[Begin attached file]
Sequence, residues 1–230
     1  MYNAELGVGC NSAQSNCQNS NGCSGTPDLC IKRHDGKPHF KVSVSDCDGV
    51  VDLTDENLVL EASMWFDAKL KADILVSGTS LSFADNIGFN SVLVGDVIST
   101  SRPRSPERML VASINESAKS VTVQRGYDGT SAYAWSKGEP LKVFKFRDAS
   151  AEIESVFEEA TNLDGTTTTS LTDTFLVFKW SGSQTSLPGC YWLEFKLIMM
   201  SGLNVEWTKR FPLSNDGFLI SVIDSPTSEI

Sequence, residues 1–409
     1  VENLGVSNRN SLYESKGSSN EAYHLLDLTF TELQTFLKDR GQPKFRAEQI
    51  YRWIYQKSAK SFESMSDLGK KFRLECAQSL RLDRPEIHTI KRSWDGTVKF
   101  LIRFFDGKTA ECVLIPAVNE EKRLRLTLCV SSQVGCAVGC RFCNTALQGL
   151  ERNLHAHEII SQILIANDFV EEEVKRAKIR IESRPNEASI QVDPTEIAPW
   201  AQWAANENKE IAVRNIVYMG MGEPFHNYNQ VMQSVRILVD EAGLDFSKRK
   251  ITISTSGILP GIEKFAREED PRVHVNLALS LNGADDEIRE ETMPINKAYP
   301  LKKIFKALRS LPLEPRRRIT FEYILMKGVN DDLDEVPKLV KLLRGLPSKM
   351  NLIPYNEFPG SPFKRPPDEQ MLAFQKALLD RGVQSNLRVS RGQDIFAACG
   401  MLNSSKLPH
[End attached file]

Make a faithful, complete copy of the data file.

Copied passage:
Sequence, residues 1–230
     1  MYNAELGVGC NSAQSNCQNS NGCSGTPDLC IKRHDGKPHF KVSVSDCDGV
    51  VDLTDENLVL EASMWFDAKL KADILVSGTS LSFADNIGFN SVLVGDVIST
   101  SRPRSPERML VASINESAKS VTVQRGYDGT SAYAWSKGEP LKVFKFRDAS
   151  AEIESVFEEA TNLDGTTTTS LTDTFLVFKW SGSQTSLPGC YWLEFKLIMM
   201  SGLNVEWTKR FPLSNDGFLI SVIDSPTSEI

Sequence, residues 1–409
     1  VENLGVSNRN SLYESKGSSN EAYHLLDLTF TELQTFLKDR GQPKFRAEQI
    51  YRWIYQKSAK SFESMSDLGK KFRLECAQSL RLDRPEIHTI KRSWDGTVKF
   101  LIRFFDGKTA ECVLIPAVNE EKRLRLTLCV SSQVGCAVGC RFCNTALQGL
   151  ERNLHAHEII SQILIANDFV EEEVKRAKIR IESRPNEASI QVDPTEIAPW
   201  AQWAANENKE IAVRNIVYMG MGEPFHNYNQ VMQSVRILVD EAGLDFSKRK
   251  ITISTSGILP GIEKFAREED PRVHVNLALS LNGADDEIRE ETMPINKAYP
   301  LKKIFKALRS LPLEPRRRIT FEYILMKGVN DDLDEVPKLV KLLRGLPSKM
   351  NLIPYNEFPG SPFKRPPDEQ MLAFQKALLD RGVQSNLRVS RGQDIFAACG
   401  MLNSSKLPH